Premed student and bat boy has ‘best seat in the ballpark’


Photo courtesy of Allison Farrand

Emilio Romano during a game against the Kansas City Royals at Comerica Park in Detroit, Michigan on September 26, 2021.

Entering the home stretch of his undergraduate studies at Oakland University (OU), senior in the biomedical science degree program, bat boy for visiting teams and Comerica Park clubhouse attendant Emilio Romano knows a thing or two about hard work. 

Having grown up in Macomb, Michigan, Romano, 20, decided to attend OU to be close to his family. 

His passion for playing and watching baseball when he was younger has fueled his work ethic since he began working as a bat boy and clubhouse attendant in 2018. 

“I chose to work at Comerica [Park] because of my deep love for the game, being able to meet some of my childhood heroes and to be able to watch games from the best seat in the ballpark,” Romano said.

For someone with a position like Romano’s, game day doesn’t start in the first inning and end in the ninth. 

“For a game day, we get there about four hours before a game starts. Our main job before the game is setting up the bullpen and dugout, putting out their equipment and making sure everything is stocked,” Romano said. “Teams come with a lot of equipment.”

During the game, Romano’s main responsibility is to make sure the place of play of the game is up to par. 

“Any time a player makes a hit, I pick up their bat as quickly as possible, meet them at whatever base they’re at and grab any equipment they may have,” Romano said. 

Distributing team meals, game cleanup and wearing the visiting team’s uniform are all part of the job as well. 

“When you’re there, it doesn’t feel like work,” he said. “Time flies by quickly.”

Baseball isn’t the only thing on Romano’s home plate. Since the summer of 2021, Romano has worked as an undergraduate research assistant in Associate Professor Dao Zhang’s lab located in the Eye Research Institute (ERI) on campus, where he studies retinal dopamine neurons critical for visual function and eye development.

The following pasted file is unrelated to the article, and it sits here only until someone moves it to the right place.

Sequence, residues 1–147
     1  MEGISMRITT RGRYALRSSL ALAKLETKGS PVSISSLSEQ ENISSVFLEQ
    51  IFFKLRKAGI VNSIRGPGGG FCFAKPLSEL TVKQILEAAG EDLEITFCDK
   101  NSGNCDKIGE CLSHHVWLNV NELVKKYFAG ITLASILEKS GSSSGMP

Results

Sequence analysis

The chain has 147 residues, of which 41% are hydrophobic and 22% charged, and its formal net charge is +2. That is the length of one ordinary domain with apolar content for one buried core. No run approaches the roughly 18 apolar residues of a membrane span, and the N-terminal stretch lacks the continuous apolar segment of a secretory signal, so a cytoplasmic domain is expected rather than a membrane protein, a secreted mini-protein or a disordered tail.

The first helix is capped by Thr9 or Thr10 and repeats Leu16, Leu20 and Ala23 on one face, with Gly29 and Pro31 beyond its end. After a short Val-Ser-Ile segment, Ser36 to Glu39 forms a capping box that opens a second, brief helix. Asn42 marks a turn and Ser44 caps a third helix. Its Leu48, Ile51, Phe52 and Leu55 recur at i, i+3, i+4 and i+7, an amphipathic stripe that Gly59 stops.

“I feel lucky to have him in my laboratory because he is motivated in research, a quick learner and a highly responsible individual,” Zhang said. “Over the past year, I have been very impressed with his research progress.”

For his accomplishment in vision research, Romano was recently awarded the Barry S. Winkler Scholarship, established in the professor emeritus and eye researcher’s name.

“It was immediately clear to me that Emilio had a wonderful attitude towards his research, carried out his experiments with a strong passion and he was entirely cooperative and helpful to anyone who walked into the laboratory,” Winkler said.

Expected to graduate with a bachelor’s degree in biomedical science after the fall semester of 2023, Romano’s next goal is to attend medical school. 

“I love the concept of being able to provide health care at the most personal level,” Romano said.